‘All of them arrived on tourist Visas so they don’t have the right to work here, they don’t have work permits. ‘One of the girls met a pimp online who said get she would get a plane ticket to the UK, she did.
‘She met the pimp’s driver at the airport that drove her to the brothel in Maidenhead and she was worked in about three or four brothels, where in text messages she said ‘I am being worked like a slave’.
Sylvia said men create a ‘stereotype’ of Brazilian woman as ‘amazing and sexy’ and says that she struggled to leave sex work because she became ‘dependant’ on the money she was receiving.
‘My dream is to just go somewhere totally different and there you will work and have lots of money and you can live a perfect life and you can do things you could never before. Just leave this place and have a better life.
‘You create a dependence with this money, and it’s really hard to get out because it seems like you don’t know how to do anything else. My mum was like ‘You don’t need to go [to the UK], you can stay here’. But she couldn’t help. It just seems so hard you know?’
Shedding light on why it’s so difficult for trafficked women women to escape their captors, D.S Scanlon said: ‘Trafficking is about criminals looking for people who are vulnerable and then looking to move them somewhere by telling them life is going to be better if you come with us.
‘That vulnerability they’re looking for, it can take many forms. It can be that conditions are so appealing where they are.
‘For example if they’re doing sex work on a street in Brazil, then they are happy to come and do sex work in a relatively controlled environment in the UK, that doesn’t mean they’re not exploited and that doesn’t mean bad things won’t happen to them here’.
The documentary details the South West Regional Organised Crime Unit (ROCU) investigation into Mark Viner who last year was jailed for more than five years for trafficking women from Brazil to the UK to work in a brothel.
The documentary details the South West Regional Organised Crime Unit (ROCU) investigation into Mark Viner who last year was jailed for more than five years for trafficking. Pictured L-R; Detective Constable Liz Pemberton, Detective Sergeant Gareth Scanlon, Detective Inspector Peter Brown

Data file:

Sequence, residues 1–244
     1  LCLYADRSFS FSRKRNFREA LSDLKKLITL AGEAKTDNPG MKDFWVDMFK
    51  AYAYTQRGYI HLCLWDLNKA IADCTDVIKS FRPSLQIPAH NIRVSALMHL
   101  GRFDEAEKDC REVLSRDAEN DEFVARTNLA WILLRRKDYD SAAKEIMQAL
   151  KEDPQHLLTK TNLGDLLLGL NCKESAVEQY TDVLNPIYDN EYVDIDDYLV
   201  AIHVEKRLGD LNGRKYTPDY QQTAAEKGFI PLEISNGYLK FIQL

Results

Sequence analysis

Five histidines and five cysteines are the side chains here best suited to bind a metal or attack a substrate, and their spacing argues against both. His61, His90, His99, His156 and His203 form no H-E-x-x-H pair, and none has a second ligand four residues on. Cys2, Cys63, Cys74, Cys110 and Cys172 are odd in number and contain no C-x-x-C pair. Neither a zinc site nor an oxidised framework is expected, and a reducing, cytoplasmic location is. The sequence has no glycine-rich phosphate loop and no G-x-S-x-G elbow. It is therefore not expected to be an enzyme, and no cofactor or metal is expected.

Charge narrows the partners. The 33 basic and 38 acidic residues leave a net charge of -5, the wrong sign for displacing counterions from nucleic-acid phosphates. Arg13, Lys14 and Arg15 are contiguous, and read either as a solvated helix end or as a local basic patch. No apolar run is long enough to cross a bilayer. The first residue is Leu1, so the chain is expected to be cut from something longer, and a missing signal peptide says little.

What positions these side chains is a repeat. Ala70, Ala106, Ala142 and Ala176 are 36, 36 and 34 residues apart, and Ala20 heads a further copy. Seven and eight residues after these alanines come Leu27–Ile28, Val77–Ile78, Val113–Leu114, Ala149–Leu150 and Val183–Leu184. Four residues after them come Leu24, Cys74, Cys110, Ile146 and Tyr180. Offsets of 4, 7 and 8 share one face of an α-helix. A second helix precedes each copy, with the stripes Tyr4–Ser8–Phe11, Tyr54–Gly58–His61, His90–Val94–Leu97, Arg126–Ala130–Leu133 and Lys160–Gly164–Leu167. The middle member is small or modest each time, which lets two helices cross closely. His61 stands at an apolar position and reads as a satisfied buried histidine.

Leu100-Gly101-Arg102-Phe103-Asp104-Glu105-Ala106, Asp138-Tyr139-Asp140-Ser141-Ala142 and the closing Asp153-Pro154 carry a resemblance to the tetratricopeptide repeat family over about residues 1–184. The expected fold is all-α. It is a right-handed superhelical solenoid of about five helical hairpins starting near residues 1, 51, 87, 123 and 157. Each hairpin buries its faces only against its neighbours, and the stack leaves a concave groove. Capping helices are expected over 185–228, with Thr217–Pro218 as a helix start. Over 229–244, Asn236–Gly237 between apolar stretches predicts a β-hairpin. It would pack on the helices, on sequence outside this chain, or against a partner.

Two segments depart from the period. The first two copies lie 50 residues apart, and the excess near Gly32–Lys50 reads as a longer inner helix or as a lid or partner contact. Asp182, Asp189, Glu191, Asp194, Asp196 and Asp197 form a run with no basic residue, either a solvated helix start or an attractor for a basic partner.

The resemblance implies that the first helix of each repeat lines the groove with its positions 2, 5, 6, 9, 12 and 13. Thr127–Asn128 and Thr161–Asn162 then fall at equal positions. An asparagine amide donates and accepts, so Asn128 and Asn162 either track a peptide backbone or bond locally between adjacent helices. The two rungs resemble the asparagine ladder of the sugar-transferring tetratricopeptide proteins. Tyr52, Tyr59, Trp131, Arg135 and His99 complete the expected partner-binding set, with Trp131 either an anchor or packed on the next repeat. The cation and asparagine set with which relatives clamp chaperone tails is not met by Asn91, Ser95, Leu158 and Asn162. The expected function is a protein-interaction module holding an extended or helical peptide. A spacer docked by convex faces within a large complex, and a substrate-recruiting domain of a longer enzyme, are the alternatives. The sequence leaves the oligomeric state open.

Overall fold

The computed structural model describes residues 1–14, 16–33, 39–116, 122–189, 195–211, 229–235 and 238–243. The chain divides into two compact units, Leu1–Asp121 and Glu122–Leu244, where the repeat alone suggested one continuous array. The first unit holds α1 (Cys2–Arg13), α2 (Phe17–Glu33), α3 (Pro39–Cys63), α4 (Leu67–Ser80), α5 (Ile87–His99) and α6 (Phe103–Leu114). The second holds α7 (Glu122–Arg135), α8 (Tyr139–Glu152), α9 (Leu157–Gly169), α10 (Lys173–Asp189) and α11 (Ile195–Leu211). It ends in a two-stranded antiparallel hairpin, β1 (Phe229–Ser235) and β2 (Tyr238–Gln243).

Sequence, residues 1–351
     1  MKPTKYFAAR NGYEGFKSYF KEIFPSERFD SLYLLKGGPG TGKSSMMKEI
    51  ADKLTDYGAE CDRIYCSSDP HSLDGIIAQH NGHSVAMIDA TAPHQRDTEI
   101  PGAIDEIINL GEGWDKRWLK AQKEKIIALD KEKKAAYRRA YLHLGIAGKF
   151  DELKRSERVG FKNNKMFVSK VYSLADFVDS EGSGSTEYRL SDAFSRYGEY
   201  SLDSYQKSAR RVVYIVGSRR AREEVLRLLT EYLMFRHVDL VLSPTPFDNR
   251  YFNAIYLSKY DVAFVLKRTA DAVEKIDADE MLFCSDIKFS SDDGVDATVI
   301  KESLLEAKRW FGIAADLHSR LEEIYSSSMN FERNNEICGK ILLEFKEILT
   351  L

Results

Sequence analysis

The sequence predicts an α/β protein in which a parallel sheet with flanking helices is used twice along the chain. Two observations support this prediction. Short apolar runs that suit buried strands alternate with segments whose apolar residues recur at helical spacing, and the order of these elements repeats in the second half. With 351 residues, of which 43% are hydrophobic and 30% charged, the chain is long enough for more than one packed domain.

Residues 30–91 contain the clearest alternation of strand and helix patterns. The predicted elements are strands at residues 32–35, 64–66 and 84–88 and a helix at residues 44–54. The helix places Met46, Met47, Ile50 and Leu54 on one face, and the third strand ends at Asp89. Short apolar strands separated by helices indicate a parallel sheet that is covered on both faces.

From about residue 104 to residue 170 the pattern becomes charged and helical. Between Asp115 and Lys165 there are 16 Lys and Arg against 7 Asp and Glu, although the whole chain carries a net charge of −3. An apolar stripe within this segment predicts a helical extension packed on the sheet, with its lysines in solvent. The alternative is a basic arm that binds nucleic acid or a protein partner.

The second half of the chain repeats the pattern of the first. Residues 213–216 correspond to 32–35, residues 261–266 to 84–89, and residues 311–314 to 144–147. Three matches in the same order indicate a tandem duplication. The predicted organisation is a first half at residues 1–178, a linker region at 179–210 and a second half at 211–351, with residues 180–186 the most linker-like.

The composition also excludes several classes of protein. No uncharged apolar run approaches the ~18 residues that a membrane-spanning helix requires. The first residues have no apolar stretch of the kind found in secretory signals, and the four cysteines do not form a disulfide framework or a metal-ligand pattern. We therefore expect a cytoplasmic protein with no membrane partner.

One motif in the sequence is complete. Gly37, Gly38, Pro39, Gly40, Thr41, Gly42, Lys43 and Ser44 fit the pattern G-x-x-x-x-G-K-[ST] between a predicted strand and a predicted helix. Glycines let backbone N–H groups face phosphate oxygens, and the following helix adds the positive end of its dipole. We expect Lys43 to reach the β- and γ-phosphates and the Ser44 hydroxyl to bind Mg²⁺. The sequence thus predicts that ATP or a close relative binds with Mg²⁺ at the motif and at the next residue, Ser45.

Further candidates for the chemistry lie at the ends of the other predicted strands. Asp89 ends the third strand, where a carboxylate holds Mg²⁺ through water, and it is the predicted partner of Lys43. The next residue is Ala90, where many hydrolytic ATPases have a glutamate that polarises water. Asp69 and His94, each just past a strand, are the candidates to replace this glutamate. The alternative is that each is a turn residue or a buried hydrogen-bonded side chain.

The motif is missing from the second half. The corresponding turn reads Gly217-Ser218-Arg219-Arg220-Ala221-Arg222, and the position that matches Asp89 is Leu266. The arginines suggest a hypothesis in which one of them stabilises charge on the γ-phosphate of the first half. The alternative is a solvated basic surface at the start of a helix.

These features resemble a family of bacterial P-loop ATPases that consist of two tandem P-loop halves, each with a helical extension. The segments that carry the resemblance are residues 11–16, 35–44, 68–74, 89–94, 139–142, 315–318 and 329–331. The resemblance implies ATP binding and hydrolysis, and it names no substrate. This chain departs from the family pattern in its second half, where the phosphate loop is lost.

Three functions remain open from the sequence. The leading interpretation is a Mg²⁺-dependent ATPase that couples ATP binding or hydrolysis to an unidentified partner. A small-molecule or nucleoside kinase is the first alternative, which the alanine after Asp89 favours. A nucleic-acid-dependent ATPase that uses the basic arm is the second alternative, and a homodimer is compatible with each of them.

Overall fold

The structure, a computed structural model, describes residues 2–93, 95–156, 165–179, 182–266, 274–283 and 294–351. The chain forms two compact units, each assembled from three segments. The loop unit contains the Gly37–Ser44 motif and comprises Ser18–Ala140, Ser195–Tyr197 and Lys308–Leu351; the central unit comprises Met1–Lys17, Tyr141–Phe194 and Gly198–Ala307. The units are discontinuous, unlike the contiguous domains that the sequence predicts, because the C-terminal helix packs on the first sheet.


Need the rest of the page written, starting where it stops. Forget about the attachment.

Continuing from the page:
D.S Scanlon said: ‘The people we’re looking at here, you wouldn’t look at them in the street and say they’re a member of the OCG, they’re traffickers….He lives around the world, he lives an expensive lifestyle, he’s got hardly any legitimate income.’
The first episode begins with a covert police unit being given an anonymous tip off accusing Viner and his partner Lezlie Davies of leading the organised crime group behind the trafficking.
Using large-scale surveillance teams and undercover officers the police gather evidence on Viner, Davies and associate Rosana Gomes, by watching their every move.
The brothel operated out of a penthouse in Cheltenham where the trafficked women would be given profiles, which needed to be authenticated with a picture of the woman holding a copy of the day’s paper at an identifiable location.
In June last year Viner (pictured) admitted to two counts of human trafficking and one count of keeping a brothel. He was sentenced to five years behind bars
Footage showed Viner photographing two women next to a post pox holding a copy of a newspaper before returning to the house.
Their surveillance also revealed Viner was travelling to and from the UK frequently and was raking in as much as £4,000 a week with ‘hardly any legitimate income’.
Further investigations into his finances revealed that daily deposits of between £50 and £100 were being made from various South American women and that the criminal was making as much as £1.2 million a year.
In June last year Viner admitted to two counts of human trafficking and one count of keeping a brothel. He was sentenced to five years behind bars.